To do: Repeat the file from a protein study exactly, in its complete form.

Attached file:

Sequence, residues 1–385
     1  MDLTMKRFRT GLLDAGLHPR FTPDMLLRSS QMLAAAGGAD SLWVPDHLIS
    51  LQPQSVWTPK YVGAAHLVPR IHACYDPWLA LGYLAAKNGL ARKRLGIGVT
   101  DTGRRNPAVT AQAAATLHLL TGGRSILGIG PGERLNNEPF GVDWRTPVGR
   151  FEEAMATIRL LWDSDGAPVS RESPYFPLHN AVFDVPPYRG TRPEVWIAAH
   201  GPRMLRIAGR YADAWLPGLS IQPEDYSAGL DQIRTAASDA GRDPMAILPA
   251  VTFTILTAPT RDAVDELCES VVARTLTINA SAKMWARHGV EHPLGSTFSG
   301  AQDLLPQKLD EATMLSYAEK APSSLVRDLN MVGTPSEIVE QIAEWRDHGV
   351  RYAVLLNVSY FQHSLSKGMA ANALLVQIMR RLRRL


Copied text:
Sequence, residues 1–385
     1  MDLTMKRFRT GLLDAGLHPR FTPDMLLRSS QMLAAAGGAD SLWVPDHLIS
    51  LQPQSVWTPK YVGAAHLVPR IHACYDPWLA LGYLAAKNGL ARKRLGIGVT
   101  DTGRRNPAVT AQAAATLHLL TGGRSILGIG PGERLNNEPF GVDWRTPVGR
   151  FEEAMATIRL LWDSDGAPVS RESPYFPLHN AVFDVPPYRG TRPEVWIAAH
   201  GPRMLRIAGR YADAWLPGLS IQPEDYSAGL DQIRTAASDA GRDPMAILPA
   251  VTFTILTAPT RDAVDELCES VVARTLTINA SAKMWARHGV EHPLGSTFSG
   301  AQDLLPQKLD EATMLSYAEK APSSLVRDLN MVGTPSEIVE QIAEWRDHGV
   351  RYAVLLNVSY FQHSLSKGMA ANALLVQIMR RLRRL